Zakat is the third pillar of Islam and is paid by Muslims who meet or exceed the nisab threshold. There are many causes for which Zakat may be donated, but there are also guidelines on who is forbidden from receiving Zakat, too.
Zakat is different to Zakat al-Fitr (Fitrana) which is a separate charitable donation made by every Muslim during Ramadhan. Zakat al-Fitr is spent on providing food provisions for those who are in need, whereas Zakat can be used for many different applications across the charity sector.
Who Can Receive Zakat?
Zakat can be used for almost any act of charitable giving, provided it is given to a charity that is permitted to distribute Zakat and who use the funds in accordance with sharia, distributing to those who can receive Zakat. Aside from a legitimate charity, Zakat can also be given to:
- Those who have no income or very little income which is not enough to support them
- Those who are in situations of difficulty and need
- Friends of the Islamic community and reverts
- Those who are being held in captivity or who are enslaved
- Those who are in an unmanageable amount of debt
- Those who are travelling and do not have adequate supplies and provisions
- Those who act in the name of Allah (SWT) and fight for Him
There are a number of guidelines surrounding giving Zakat to family members, even if they fit into the above categories. In general, the following groups cannot exchange Zakat:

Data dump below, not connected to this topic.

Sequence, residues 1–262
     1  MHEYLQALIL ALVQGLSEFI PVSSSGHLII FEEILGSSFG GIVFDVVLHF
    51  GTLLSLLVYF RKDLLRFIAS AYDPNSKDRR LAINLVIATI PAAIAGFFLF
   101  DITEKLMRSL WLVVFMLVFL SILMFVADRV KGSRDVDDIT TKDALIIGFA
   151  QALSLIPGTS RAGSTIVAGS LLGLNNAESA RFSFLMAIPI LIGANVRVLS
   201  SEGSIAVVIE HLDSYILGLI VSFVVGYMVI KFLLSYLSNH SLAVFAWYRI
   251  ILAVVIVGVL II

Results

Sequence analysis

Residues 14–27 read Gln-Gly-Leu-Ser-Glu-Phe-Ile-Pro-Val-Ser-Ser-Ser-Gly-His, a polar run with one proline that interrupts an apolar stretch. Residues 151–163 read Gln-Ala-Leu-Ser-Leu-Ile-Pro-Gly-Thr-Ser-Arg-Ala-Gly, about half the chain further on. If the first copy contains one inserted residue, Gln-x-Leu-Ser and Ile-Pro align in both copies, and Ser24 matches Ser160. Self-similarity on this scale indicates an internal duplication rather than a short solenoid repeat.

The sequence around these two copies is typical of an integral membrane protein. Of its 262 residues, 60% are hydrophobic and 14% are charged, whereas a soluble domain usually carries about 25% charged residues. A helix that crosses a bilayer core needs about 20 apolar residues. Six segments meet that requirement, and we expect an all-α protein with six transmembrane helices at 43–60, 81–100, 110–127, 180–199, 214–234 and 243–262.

- Parents should not give Zakat to children as they have a responsibility to provide for them
- Children should not give Zakat to parents because they have a responsibility to look after them
- Husbands should not give Zakat to wives because they have a duty to provide for them
Depending on your school of thought, there are also rules about giving Zakat to a Syed. For clarification on this, we would recommend you speak to your local Imam.
What Charities Can Receive Zakat?
Islamic charities are permitted to receive Zakat payments on the basis that they will ensure the Zakat will be given to someone who falls into one of the categories listed above. Donating Zakat to a non-Islamic charity runs the chance of the donation being used for a cause that isn’t acceptable under the Zakat guidelines e.g. supporting an animal charity.
When you donate Zakat to ILM, we will ensure we use it in a way that is acceptable under the Zakat guidelines.
Does Sponsoring an Orphaned Child Count as Zakat?
Yes, sponsoring an orphaned child counts as Zakat because they are considered as being in need, and this is the second instance under which Zakat may be given. When you sponsor an orphaned child, you need to make enough of a donation to cover what is required of you as per your Zakat calculations. Every Muslim will pay a different amount of Zakat depending on their income and assets, and as such, how much one Muslim needs to pay to sponsor an orphaned child will differ from another.
How to Sponsor an Orphaned Child
Sponsoring an orphan through ILM for your Zakat payment can easily be done online. First, you will need to calculate your Zakat. All adult Muslims who exceed the nisab threshold for more than one lunar year are expected to donate 2.5% of their eligible wealth as Zakat. The higher a person’s wealth, the more they will pay. You can use our Zakat calculator to work out how much you need to pay and whether an orphan sponsorship is sufficient based on the amount owed.
Our orphan child sponsorships can be paid monthly (£30) or yearly (£360). Zakat can be paid at any time of the year, although many Muslims choose to pay it during the last 10 days of Ramadhan as they believe the rewards to be greater at this time of year.
No matter what time of the year you choose to pay your Zakat through an ILM orphan child sponsorship, your generosity will be gratefully appreciated and will be used to provide children with a safe and supportive environment.
To find out more about sponsoring an orphan child through ILM as per your religious Zakat dues, please contact us.